Midseason check-in

Nebraska-Omaha is near the top of the WCHA standings and St. Cloud State is fighting to stay out of the cellar. Those are the biggest surprises, and meanwhile, North Dakota and Minnesota-Duluth are right where everyone thought they would be.

College hockey is at the midpoint of its season and the WCHA has four teams in the nation’s top eight teams and two in the top four.

The consensus WCHA favorite, UND, (13-5-2) is the top WCHA team in the USCHO.com D-I Poll and sits in first place in the league standings with 22 points after a pair of sweeps against SCSU and Minnesota State.

Who would’ve thought Matt Frattin, the nation’s leading goal scorer, would have 17 goals at the break when the Sioux’s goals leader when the 2009-10 season ended was Jason Gregoire with 20.

Frattin, who scored 11 goals a year ago, has 25 points, which matches his personal best for points in a season he set as a sophomore.

Frattin has the ability to create his own chances to make quality shots. He beat MSU goaltender Phil Cook glove side far post on Friday and danced his way around two Mavericks defenders on his way to a goal Sunday.

Frattin is on a five-game goal-scoring streak.

Aaron Dell has been a surprise in the crease after UND’s original No. 1 goalie, Brad Eidsness, was benched after just five games because of his nightmare of a start to the season (4.12 GAA, .805 SV%).

The sophomore Dell is 12-4-1 with a 2.22 goals against average and .904 save percentage.

The scary thing is UND’s record now and the schedule that lies ahead for the Sioux. UND faces only two teams in the current top 10-ranked teams on the schedule until the Final Five rolls around.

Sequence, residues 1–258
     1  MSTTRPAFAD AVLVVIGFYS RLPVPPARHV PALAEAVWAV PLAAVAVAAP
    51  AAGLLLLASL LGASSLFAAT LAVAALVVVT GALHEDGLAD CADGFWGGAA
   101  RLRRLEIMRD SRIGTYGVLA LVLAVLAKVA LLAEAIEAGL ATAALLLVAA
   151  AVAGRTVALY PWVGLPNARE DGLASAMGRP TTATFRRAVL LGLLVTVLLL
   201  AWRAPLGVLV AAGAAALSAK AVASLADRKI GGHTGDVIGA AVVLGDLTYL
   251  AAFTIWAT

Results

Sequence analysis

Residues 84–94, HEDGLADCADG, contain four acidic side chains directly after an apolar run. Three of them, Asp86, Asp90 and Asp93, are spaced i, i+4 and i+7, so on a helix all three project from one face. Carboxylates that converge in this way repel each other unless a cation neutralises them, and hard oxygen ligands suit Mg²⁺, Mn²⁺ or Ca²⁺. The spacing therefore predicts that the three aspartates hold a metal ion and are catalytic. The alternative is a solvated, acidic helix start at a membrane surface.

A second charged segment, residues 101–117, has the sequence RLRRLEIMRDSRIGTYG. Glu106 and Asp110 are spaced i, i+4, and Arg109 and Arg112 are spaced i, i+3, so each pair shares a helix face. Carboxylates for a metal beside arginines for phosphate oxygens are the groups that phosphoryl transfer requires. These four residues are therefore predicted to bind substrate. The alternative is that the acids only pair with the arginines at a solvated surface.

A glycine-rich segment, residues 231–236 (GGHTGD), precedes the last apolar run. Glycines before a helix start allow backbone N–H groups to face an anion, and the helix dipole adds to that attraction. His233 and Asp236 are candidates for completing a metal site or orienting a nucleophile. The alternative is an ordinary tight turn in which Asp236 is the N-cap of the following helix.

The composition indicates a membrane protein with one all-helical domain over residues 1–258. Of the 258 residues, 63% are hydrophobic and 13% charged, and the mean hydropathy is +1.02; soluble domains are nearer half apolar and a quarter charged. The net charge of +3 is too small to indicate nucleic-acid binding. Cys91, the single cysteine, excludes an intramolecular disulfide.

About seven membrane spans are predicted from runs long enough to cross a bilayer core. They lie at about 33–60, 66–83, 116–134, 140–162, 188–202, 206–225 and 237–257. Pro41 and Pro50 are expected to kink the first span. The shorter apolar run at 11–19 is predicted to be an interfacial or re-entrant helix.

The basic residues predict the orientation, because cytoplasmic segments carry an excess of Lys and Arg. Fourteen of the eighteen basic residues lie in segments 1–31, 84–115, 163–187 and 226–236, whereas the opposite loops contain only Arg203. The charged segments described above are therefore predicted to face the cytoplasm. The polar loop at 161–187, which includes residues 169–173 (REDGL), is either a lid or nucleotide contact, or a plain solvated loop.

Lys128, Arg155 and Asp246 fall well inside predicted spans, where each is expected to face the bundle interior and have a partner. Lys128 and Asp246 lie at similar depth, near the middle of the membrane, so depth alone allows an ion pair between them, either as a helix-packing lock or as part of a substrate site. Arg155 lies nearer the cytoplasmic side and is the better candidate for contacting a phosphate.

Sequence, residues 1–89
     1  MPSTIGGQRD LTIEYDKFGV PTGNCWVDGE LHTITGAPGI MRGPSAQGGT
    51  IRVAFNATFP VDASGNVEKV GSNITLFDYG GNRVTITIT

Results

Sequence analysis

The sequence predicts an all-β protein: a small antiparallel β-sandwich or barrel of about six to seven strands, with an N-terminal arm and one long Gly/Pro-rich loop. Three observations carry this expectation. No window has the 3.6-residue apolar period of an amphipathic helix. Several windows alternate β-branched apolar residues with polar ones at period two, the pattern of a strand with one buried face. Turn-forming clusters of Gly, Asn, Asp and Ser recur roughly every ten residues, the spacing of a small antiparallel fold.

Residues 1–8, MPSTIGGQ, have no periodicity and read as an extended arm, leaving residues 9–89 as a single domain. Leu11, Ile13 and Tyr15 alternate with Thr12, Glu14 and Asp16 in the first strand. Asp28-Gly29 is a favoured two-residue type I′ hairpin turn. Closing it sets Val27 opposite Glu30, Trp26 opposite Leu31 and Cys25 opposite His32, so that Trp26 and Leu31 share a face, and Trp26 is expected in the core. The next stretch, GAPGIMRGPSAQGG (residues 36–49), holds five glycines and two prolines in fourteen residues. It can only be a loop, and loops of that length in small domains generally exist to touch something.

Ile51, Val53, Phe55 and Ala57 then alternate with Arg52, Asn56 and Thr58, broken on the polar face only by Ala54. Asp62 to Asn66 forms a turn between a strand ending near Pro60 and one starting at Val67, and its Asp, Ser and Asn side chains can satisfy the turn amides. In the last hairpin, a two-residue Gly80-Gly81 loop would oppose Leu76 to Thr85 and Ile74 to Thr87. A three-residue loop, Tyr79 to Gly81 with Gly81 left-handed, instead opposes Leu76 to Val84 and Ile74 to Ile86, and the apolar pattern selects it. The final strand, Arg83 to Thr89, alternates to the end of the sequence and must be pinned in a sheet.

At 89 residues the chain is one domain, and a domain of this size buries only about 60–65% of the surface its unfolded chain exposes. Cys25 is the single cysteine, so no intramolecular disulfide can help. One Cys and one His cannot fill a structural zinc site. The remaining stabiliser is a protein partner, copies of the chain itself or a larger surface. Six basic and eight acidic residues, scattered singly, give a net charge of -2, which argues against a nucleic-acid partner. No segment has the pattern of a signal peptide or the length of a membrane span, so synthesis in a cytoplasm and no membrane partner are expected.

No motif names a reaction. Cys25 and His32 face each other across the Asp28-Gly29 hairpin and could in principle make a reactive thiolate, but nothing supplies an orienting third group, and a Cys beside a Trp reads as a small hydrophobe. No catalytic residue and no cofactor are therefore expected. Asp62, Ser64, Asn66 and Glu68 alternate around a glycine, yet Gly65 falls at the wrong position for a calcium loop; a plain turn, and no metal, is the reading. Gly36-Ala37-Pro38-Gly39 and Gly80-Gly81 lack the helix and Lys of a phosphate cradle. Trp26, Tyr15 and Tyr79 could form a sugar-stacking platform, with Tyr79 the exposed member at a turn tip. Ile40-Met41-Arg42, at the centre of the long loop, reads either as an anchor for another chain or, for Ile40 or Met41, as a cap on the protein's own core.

The Sioux are at No. 4 UMD in a single game Dec. 30 and host No. 8 UNO Jan. 21-22.

The Sioux end the season with four teams (Alaska-Anchorage, SCSU, Bemidji State and Michigan Tech) in the league’s bottom five. That schedule and the fact that UND is 60-22-14 once WCHA play starts again after the New Year under Dave Hakstol are why the Sioux will win the WCHA this season.

UMD is the only WCHA team to earn a No. 1 ranking, which it held for two weeks before it split with Denver, Dec. 3-4.

The Bulldogs are near the top of the rankings and the WCHA standings because of the guys who were expected to produce; guys like Jack Connolly (8-17–25), Justin Fontaine (9-14–23) and Mike Connolly (11-12–23).

UMD has the best offense in the WCHA (3.72 goals per game) and the fifth-best nationally.

Unranked to start the season, UNO started the season 9-1-1, shooting up the polls to No. 4 by the seventh week of the season. Mavericks coach Dean Blais said before the season his team “could be in for a tough start” with 11 freshmen on the roster.

Another thing that worried Blais was the 14 players UNO lost from the 2009-10 season. The key is the returnees are another year older.

Sophomore Terry Broadhurst is off to a good start, tying the team-lead in points with 18, otherwise its four upperclassmen in the top five in UNO’s scoring.

The Mavericks also thrive on their balance. Notice how no player on the roster has more than 18 points, yet UNO is sixth in the nation in scoring (3.69 GPG).

SCSU also returned plenty of key players but have had opposite results.

The Huskies entered the season ranked fourth and were projected to finish in the top three of the WCHA. Why not? SCSU returned 12 of its 14 top scorers from last year and that’s why, after the slow start, I said not to write the Huskies off too soon.

SCSU has started slow in each of the five seasons under Bob Motzko but have made the Final Five four times and the national tournament three times.

But it hasn’t panned out the way the Huskies hoped or as most people predicted. It exposes the size of the void left by Ryan Lasch and Garrett Raboin, in points and their leadership.

Drew Le Blanc leads the Huskies with 18 points while Garrett Roe (who scored 49 points last season) and Nick Jensen are the only other players to crack double digits in points.

At this point, with only seven points, St. Cloud State has dug a hole it can’t climb out of. Then again, that’s why they play the games, and there’s still a lot more to be played.